Researchers use DNA origami to generate tiny mechanical devices that deliver a drug that cuts off the blood supply to tumors in mice.
Meet some of the people featured in the November 2016 issue of The Scientist.
November 1, 2016|
COURTESY OF ERIC DELWARTEric Delwart moved from Switzerland in 1982 to work at a biotech firm in San Francisco, an early epicenter of the AIDS epidemic. When he began a PhD in 1984 at the University of Wisconsin–Madison, HIV had just been identified as the retrovirus responsible for AIDS, and that drew him into the field of retrovirology. “It was very exciting,” he says, to work on a subject so urgent, and “there was then a lot of optimism about an HIV vaccine.” Delwart continued studying HIV during a postdoc at Stanford University and while a PI at the Aaron Diamond AIDS Research Center through the 1990s.
Delwart turned his attention to the field of emerging and unknown viruses—which far outnumber identified viruses—as a PI at the Blood Systems Research Institute, an affiliate of the University of California, San Francisco. Before modern genomic methods, “we didn’t have the technology to see these viruses,” Delwart says. “This whole universe is being revealed to us in the form of sequence information. What’s lagging behind is our knowledge of what these viruses actually do.”
Delwart delves into that universe in a feature article “Viruses of the Human Body.”
COURTESY OF PAUL NUNEZIn the early 1970s, Paul Nunez, armed with a master’s and PhD in engineering and physics, was working as a theoretical physicist when he made a dramatic career change. He met Reginald Bickford, a pioneering neuroscientist at the University of California, San Diego, who at the time was looking for technically skilled scientists to help with electroencephalography (EEG) experiments. “I had always been interested in the brain,” Nunez says, “but I didn’t even know what a neuron was.” Nevertheless, he dove into the field and spent the next 10 years as a postdoc under Bickford. The unexplained phenomenon of alpha rhythms, a type of brain wave now associated with vision and attentiveness, particularly interested Nunez, and his theories on the topic began to garner some recognition.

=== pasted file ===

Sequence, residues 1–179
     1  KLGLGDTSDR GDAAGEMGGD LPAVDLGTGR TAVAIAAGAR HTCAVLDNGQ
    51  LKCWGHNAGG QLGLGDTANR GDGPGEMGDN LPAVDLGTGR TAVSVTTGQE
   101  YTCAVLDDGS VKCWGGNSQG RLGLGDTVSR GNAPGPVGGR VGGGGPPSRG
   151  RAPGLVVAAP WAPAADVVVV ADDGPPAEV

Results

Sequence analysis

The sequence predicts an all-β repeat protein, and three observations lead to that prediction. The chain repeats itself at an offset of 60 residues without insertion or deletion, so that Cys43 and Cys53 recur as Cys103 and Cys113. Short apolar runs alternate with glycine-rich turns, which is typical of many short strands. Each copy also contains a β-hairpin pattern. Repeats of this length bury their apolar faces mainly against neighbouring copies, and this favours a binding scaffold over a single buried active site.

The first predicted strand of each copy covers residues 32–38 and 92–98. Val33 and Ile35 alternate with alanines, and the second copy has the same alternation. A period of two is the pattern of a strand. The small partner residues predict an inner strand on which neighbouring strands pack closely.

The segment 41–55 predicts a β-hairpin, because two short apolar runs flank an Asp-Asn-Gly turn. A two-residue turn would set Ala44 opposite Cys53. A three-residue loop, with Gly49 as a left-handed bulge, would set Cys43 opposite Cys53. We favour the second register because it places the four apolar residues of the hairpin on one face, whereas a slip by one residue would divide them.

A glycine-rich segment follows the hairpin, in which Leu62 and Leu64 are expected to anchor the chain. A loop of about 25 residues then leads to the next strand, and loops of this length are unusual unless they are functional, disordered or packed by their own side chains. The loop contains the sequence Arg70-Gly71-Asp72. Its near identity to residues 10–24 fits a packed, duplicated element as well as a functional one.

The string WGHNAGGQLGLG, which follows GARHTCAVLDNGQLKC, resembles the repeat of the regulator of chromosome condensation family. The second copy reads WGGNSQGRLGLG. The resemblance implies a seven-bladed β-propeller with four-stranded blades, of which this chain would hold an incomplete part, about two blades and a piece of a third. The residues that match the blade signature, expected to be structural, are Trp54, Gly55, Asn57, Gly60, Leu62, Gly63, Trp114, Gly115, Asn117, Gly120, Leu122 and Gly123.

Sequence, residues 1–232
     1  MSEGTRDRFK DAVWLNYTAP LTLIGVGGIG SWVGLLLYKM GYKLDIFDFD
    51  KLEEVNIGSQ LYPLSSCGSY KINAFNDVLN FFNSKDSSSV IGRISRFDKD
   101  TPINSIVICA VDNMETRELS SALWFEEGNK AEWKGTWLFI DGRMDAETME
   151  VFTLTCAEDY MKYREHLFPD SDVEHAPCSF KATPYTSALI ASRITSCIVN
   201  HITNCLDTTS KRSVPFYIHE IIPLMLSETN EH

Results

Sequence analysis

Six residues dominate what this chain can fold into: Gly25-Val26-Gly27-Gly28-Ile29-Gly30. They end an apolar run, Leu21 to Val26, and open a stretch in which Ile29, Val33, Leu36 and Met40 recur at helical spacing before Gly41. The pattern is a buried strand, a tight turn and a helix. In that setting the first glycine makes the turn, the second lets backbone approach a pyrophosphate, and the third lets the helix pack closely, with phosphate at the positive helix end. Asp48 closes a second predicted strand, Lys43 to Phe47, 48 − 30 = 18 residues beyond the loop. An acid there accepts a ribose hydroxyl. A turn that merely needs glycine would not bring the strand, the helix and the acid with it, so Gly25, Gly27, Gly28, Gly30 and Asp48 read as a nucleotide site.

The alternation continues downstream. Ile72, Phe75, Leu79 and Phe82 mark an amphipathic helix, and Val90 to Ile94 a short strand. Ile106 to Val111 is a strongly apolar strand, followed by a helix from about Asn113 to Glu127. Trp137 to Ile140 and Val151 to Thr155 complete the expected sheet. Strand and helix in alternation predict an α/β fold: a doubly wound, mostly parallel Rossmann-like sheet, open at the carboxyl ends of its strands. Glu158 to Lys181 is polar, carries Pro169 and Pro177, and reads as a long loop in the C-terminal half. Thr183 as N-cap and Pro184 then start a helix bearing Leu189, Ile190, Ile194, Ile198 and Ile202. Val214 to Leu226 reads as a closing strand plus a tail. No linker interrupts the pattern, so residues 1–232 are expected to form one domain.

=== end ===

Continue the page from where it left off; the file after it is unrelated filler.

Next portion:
Nunez has authored more than 100 scientific papers and 5 books on the brain and complexity science, touching on medical applications such as epilepsy, coma, and pharmaceutical research. He is an emeritus professor at Tulane University and the owner of a small consulting firm, Cognitive Dissonance, LLC. His career has centered not just on neuroscience but also on the more elusive problem of how the brain gives rise to consciousness.
Nunez’s most recent book, The New Science of Consciousness: Exploring the Complexity of Brain, Mind, and Self, examines this problem, which he discusses in an essay here.
COURTESY OF BEN ANDREW HENRYA self-proclaimed “super-nerd,” Ben Andrew Henry always really liked science, but he also loved to read and write. Both in high school in Goffstown, New Hampshire, and at Middlebury College in Vermont, Henry split his time between science, English lit, and writing classes. In his junior year of college, he participated in a research program at Woods Hole Marine Biological Laboratory in Massachusetts, where he studied whether restoration projects to remove dykes and other barriers from Cape Cod salt marshes affected nutrient cycles. The Woods Hole scientists “basically just said, ‘Alright, design a project. You have all these facilities, have at it. Let us know what you need.’?” He also spent some time mapping plant communities in Vermont forests, and followed that up with a summer at the University of Maryland, where he worked with computer models that predicted the nitrogen cycle in Chesapeake Bay sediments.
While Henry found research fascinating, “I wanted to be writing more,” he says. So back at Middlebury for his senior year, he designed an independent study in science journalism, for which he interviewed researchers visiting campus and wrote stories about their work. Then, during January break, Henry interned at Popular Mechanics, where he looked over the shoulders of the editors and writers in the newsroom. After graduating in May 2016, Henry traveled the country writing poetry before accepting the intern position at The Scientist. You can read his work on pages here, here, here, and here in this issue. As for what’s next? “It’s still up in the air,” he says. “A part of me wants to be super-negligent and go for an MFA in creative writing, but I also might more realistically go for journalism. . . . That makes the most sense when I’m telling my story on a cover letter.”